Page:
8. It was a foreshadowing of the new creation

The Eastern Orthodox theologian, J. Danielou, remarks that “The number eight was, for ancient Christianity, the symbol of the Resurrection, for it was on the day after the Sabbath, and so the eighth day, that Christ rose form the tomb. Furthermore, the seven days of the week are the image of the time of this world, and the eighth day of life everlasting [and the new creation].”

( The Bible and the Liturgy)

The mission of Israel will be climaxed by the death and resurrection of the Messiah on the eighth day. Now I might be over-reaching at this point, but if the mission of Israel will be climaxed by the death and resurrection of the Messiah on the eighth day, and the badge of belonging to this task force is circumcision, then being circumcised on the eighth day after you were born seems to be of great symbolic significance. From the beginning it is declaring your participation in the victory that will bring in the new creation and take Eden to the ends of the earth.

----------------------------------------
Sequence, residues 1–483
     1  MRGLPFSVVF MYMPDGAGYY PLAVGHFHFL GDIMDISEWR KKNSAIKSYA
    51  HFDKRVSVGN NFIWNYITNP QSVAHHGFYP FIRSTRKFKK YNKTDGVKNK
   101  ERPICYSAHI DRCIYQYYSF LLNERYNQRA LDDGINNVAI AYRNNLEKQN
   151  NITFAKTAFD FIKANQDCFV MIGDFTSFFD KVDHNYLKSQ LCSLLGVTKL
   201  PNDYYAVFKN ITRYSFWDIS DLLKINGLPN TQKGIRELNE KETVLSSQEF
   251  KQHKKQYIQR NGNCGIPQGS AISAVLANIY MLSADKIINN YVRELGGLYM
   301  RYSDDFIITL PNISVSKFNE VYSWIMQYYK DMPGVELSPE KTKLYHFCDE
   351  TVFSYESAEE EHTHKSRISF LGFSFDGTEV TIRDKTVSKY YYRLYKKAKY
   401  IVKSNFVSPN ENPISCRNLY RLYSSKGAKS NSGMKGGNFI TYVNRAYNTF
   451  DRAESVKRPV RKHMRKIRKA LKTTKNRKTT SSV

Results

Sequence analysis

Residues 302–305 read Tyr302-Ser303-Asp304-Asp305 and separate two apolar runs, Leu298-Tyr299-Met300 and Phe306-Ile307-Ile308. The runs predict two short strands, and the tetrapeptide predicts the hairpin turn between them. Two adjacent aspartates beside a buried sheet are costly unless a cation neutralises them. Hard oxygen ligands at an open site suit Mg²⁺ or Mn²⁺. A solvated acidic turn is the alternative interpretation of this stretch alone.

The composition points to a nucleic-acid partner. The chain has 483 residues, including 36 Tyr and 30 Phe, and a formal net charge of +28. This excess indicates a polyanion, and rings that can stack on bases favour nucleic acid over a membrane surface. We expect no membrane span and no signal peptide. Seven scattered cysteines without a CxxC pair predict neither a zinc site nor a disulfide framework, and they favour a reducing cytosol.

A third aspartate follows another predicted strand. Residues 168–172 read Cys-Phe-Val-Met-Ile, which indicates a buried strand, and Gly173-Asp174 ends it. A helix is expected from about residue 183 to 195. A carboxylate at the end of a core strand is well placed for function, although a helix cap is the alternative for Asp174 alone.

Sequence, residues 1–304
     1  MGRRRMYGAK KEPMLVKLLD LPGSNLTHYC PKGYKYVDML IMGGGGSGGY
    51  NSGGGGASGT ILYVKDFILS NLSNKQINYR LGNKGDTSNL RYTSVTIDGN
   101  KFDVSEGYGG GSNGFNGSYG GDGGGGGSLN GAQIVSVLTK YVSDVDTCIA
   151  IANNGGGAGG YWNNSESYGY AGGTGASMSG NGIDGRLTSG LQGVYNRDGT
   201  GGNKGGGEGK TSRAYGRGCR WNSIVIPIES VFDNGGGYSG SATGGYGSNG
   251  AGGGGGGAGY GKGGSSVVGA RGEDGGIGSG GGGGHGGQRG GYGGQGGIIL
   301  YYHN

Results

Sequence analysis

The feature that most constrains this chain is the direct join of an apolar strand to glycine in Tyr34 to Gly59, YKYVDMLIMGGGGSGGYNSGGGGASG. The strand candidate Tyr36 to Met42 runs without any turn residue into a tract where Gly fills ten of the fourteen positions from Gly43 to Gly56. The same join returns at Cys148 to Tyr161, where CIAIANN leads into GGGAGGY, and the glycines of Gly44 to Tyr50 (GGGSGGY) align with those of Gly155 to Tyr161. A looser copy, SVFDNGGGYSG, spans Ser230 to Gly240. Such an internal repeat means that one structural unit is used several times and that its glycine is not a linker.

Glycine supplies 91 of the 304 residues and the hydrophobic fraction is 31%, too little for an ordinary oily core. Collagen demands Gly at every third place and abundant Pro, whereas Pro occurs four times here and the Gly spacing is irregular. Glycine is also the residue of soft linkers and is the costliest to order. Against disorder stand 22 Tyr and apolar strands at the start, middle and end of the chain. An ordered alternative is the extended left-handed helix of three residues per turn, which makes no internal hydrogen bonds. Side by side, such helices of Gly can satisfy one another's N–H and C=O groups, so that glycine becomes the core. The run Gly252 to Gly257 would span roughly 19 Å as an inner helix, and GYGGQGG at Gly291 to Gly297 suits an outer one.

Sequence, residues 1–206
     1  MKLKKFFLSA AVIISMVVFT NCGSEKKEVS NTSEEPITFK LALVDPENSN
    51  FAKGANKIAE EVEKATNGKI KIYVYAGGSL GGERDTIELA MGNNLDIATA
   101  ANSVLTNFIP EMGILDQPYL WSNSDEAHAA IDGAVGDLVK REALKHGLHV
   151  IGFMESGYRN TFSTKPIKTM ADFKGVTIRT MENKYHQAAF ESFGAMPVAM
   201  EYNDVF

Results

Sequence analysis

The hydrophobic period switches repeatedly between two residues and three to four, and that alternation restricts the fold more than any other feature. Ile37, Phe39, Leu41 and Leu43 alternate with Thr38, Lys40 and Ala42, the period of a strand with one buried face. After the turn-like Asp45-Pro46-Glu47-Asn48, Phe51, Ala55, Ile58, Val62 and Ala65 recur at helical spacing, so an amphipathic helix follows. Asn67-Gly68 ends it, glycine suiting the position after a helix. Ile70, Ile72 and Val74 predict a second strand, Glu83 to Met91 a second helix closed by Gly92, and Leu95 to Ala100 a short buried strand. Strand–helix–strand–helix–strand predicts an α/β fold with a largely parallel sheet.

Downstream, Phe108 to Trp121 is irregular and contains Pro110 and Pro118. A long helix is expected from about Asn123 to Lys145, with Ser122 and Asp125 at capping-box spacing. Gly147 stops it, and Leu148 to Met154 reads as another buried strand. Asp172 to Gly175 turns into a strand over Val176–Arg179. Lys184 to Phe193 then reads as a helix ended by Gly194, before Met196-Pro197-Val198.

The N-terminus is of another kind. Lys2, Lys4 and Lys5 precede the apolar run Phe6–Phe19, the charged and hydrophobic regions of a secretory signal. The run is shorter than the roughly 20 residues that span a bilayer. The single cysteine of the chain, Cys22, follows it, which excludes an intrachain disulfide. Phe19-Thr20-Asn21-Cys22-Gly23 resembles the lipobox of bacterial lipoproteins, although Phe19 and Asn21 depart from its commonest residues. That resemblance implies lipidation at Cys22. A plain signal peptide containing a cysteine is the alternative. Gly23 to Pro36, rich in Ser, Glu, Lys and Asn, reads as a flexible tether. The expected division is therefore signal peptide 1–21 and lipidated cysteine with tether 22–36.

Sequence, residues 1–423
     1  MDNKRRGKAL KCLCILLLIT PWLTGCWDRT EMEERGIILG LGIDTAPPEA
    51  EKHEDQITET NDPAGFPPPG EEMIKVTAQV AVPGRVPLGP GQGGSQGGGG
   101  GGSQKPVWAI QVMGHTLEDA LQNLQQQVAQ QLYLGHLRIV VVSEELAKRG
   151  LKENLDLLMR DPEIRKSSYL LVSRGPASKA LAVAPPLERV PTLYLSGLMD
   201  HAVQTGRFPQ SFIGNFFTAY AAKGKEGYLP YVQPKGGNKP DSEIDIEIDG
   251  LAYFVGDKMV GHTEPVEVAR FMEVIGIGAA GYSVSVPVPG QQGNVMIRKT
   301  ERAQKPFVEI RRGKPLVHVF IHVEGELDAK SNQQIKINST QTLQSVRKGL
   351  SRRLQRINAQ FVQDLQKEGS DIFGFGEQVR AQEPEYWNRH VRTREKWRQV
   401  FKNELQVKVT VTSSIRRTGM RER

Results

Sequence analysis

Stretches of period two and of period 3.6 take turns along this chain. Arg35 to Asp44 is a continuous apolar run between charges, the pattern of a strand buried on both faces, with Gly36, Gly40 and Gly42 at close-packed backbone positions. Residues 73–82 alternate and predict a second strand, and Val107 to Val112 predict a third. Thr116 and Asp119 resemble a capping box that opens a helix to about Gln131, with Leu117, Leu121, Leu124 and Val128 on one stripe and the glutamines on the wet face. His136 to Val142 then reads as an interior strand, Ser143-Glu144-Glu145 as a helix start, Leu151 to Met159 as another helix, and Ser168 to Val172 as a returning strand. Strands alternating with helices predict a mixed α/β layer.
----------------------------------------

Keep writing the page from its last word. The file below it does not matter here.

Jesus rested in the tomb on the seventh day after the completion of his work of redemption on the sixth day, just as his father rested on the seventh day after the completion of his work of creation on the sixth day.

And on the basis of his finished work we now live in the eighth day. Not fully and finally, we live in the “now but not yet,” but God’s tomorrow has, in truth, already invaded man’s today. And as believers we are an eighth day community. We already participate in the new creation, indeed Paul says that to be in Christ is to already be a new creation (2 Cor 5:17). And what God has already done for me, a tiny piece of the creation, he will one day do for the whole cosmos.

And this is what God was setting out to do with Abraham and Israel. And the badge of belonging was circumcision. And this “cutting off” so they could be set aside for the task, was done on the eighth day, as when their task was completed it would usher in the eight day and “the glory of the Lord would cover the earth as the waters cover the sea.”

So as those who have been circumcised, or in NT language, baptized, we are part of a community with an extraordinary mandate from God. And looking back helps us to see how radical the agenda was from the beginning—and how far we have come (in the good sense) from Abraham. And it should give us courage, and a trajectory for our generation that is both compelling and biblically faithful.